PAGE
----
Job description: Gain comfort by replacing your ordinary radiator valve with a thermostatic valve. Cut your energy bills by 10% by installing thermostatic valves which will help you regulate the temperature of each room. TRVs should be set at a level that gives you the room temperature you want.
Skill level: 1 – Beginner
- Adjustable wrench
- Small recipient
- PTFE tape
1. The radiator must be bled and the heating circuit drained before replacing the valve. You need to make sure that the new valve is the correct type and size, and that it will fit without having to make any modifications to the pipe work.
2. Take the old valve out. Use a bleeding key to undo the valve at the top of the old radiator, then use a radiator spanner to undo the joints.
3. Remove the original mounting by removing the central screw of the valve head. Put some sheets around the floor in case of spillage.
4. Place a plastic container under the joint to collect any remaining water.
5. Use an adjustable wrench to hold the body of the old valve and loosen the nuts that hold the valve onto the copper pipe and to the adaptor that's fitted into the radiator. Unscrew the adaptor from the radiator.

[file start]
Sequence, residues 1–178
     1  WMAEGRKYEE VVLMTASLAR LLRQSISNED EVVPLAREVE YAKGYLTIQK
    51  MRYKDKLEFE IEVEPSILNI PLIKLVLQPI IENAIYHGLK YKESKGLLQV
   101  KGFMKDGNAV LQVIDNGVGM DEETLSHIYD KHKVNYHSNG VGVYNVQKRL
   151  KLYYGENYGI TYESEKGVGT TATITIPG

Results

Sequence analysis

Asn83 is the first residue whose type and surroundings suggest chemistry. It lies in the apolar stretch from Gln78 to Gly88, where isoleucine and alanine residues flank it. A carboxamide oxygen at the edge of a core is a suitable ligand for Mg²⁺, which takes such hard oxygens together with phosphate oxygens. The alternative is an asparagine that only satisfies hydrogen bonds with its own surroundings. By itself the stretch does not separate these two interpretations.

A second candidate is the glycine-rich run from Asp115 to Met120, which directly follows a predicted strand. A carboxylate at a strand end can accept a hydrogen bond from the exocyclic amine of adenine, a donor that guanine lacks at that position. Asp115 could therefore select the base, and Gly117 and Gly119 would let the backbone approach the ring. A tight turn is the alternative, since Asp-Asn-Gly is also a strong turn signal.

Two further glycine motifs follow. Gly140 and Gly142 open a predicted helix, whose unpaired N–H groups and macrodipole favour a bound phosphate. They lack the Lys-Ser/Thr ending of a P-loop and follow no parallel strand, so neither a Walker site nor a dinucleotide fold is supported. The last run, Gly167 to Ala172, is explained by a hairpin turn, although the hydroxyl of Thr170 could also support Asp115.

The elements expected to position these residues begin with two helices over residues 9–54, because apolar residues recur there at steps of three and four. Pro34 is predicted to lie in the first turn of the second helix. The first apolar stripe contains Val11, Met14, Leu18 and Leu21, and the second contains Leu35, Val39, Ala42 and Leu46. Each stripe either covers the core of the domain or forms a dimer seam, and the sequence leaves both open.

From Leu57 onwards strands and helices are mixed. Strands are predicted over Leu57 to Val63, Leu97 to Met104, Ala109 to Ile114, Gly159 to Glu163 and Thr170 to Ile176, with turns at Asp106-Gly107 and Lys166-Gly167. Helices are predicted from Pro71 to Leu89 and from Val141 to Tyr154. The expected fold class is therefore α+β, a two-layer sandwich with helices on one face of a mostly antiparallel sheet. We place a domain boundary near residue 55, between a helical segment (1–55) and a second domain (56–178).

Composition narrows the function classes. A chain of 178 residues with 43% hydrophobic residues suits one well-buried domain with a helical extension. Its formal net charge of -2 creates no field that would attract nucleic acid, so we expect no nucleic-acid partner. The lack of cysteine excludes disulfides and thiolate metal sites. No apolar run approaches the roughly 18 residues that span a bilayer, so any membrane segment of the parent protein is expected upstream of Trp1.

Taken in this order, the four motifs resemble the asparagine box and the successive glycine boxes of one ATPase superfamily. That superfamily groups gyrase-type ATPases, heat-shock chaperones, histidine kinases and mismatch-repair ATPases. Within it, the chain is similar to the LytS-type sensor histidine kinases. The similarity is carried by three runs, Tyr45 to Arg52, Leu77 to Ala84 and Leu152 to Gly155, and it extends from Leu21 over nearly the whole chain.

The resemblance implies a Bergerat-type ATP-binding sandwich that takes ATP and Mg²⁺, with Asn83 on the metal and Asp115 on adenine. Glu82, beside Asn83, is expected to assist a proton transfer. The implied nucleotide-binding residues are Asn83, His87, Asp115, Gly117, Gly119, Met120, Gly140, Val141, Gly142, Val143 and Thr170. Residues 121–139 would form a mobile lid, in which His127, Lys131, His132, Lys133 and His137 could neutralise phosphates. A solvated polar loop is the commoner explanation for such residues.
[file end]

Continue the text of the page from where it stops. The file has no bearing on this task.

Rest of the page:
6. Fit the new adaptor, cap nut and olive (the metal sealing ring on the pipe.) onto the radiator.
7. Clean the threads located internally using a clean cloth and then wrap some PTFE tape around the adaptor threads in a clockwise direction. Wrap the tape around at least 6-8 times.
8. Screw on the new adaptor and tighten.
9. Remove the old olive and cap nut from the copper pipe and replace with the new set.
10. Fit the thermostatic valve, then tighten the cap nut between the adaptor the valve, holding the body of the valve with one wrench. Finally tighten the cap nut between the pipe and new valve.
11. Refill the central heating system and check for leaks. Set your living room valve to fully open and your bedrooms to a lower setting.
If you have a spare bedroom, put the valve on the frost or minimum setting and keep the door closed so that the adjacent radiators don't try and compensate for the drop in air temperature.
You should not fit a radiator thermostat in the same room as the room thermostat that controls the overall boiler output.
Unless you are good at DIY, you might want to contact a local heating specialist.
The information provided in this guide is to be used strictly for guidance only. We recommend you always read the manufacturer's instructions.